PETALING JAYA: The recent hike in conveyancing legal fees has been questioned by the Malaysia Competition Commission (MyCC).
In a statement on Monday (July 17), MyCC chairman Datuk Seri Mohd Hishamudin Yunus (pic) called the hike untimely due to the current rise in living costs.
Below is his statement in full.
The Malaysia Competition Commission (MyCC) views the recent increase of conveyancing legal fees by the Solicitors’ Costs Committee under the newly enacted Solicitors’ Remuneration (Amendment) Order 2023 [P.U. (A) 207/2023] with deep concern. From MyCC’s standpoint this amendment Order, which comes into force on Saturday, 15 July 2023, is untimely especially when the citizens are struggling with the rising of cost of living.
Whilst MyCC acknowledges that, strictly in law, section 13 of the Competition Act 2010 excludes the amendment Order from the ambit of the Act, nevertheless, with respect, MyCC is of the opinion that the action taken by the Bar Council goes against the spirit of competition. This increase is not the first as the Bar Council had previously increased its conveyancing fees in 2017 via the Solicitors’ Renumeration (Amendment) Order 2017 [P.U. (A) 67/2017].
MyCC has proactively taken positive actions to address the issues of fixed scale fees by professional bodies since 2013. Through the Market Review on Fixing Prices/Fees by Professional Bodies carried out under section 11 of the Competition Act 2010 back in 2013, MyCC successfully directed or influenced more than 5 professional bodies to dismantle their fixed professional fees when it was found that they were not empowered by law to do so. However, the same market review also recognises that there are professional bodies that are allowed to fix their scale fees in line with the powers conferred on them by their governing legislations.
Notwithstanding the above, MyCC, since 2015, has consistently been engaging with professional bodies and has decided to focus on the Bar Council with the aim of establishing a precedent, whereby if the Bar Council agrees to dismantle its fixed conveyancing fees, other professional bodies would also adopt a similar approach. The approach adopted by MyCC aligns with the practices of developed nations like the United Kingdom, Singapore and Australia, where professional bodies, including their Bar Councils, have moved away from fixing fees. MyCC was further encouraged by the fact that fixed conveyancing fees were discussed at length by the Special Task Force to Facilitate Business (PEMUDAH) in their previous meetings.
The imposition of fixed conveyancing fees appears inconsistent, especially when considering that litigation fees in Malaysia, are not subject to fixed rates. Furthermore, MyCC is of the opinion that the action taken by the Bar Council seems to contradict the government’s efforts to enhance housing affordability of the citizens. Initiatives like the Memorandum of Transfer (MOT) and stamp duty exemptions or discounts, Real Property Gains Tax (RPGT) exemption, and the Housing Credit Guarantee Scheme (HCGS), whilst they are implemented to specifically spur the housing industry, are also intended to alleviate the impact of rising living costs on the targeted groups.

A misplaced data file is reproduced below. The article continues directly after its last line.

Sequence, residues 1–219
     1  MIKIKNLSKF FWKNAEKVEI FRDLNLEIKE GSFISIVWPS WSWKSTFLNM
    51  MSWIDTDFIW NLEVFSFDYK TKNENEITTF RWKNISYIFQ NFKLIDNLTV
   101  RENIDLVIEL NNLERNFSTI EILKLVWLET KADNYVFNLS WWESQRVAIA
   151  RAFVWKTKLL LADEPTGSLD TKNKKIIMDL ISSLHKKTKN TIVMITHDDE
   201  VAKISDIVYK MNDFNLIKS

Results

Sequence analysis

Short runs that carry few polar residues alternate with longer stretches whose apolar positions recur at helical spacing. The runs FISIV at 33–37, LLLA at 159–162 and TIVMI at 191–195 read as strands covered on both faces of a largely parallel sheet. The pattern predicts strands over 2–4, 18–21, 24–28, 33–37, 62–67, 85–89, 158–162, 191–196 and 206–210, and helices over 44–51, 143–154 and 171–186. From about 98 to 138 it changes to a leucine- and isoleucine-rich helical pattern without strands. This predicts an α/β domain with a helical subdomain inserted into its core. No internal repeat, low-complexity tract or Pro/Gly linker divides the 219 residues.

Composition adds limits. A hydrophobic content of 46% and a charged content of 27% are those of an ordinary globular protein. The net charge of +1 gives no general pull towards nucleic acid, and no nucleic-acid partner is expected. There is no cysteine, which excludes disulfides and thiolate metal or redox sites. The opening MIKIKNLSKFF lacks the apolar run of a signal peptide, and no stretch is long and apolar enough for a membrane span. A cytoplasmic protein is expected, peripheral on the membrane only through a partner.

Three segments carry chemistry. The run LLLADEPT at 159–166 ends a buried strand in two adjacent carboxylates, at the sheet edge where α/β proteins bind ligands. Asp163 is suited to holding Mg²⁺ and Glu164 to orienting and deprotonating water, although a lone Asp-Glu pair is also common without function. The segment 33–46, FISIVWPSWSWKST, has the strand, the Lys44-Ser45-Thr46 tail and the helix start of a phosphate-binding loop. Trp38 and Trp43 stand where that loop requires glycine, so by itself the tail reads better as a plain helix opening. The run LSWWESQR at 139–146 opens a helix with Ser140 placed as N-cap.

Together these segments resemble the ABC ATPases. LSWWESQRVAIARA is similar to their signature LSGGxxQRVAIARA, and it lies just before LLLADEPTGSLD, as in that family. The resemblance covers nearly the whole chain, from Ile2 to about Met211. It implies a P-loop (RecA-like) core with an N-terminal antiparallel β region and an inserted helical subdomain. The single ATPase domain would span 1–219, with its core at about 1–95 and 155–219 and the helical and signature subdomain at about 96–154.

MyCC aspires to create a more flexible fee structure that is in line with international best practices. Additionally, MyCC believes that consumers are better protected when an industrial policy variation takes into account competition principles.
“We acknowledge that our earlier efforts to persuade the Bar Council were unsuccessful. Be that as it may, we respectfully urge the Bar Council to reconsider, or at the very least, delay the implementation and continue the discussion with us. The Bar Council has the irrefutable potential to set a positive example by promoting competition within the market.
MyCC has received visits from various professional bodies and traders’ associations that have sought our support for their proposals to fix fees or prices for their products and services. However, such an approach does not bode well with MyCC’s vision. These bodies should strive for creativity and innovation to promote market efficiency, rather than relying on fixed scale fees.
We should stay away from such an approach if we aim to become a developed nation with a strong and robust economy that rests on a dynamic marketplace that encourages innovation, efficiency, and competitive pricing practices,”
Datuk Seri Mohd Hishamudin Yunus
– The Star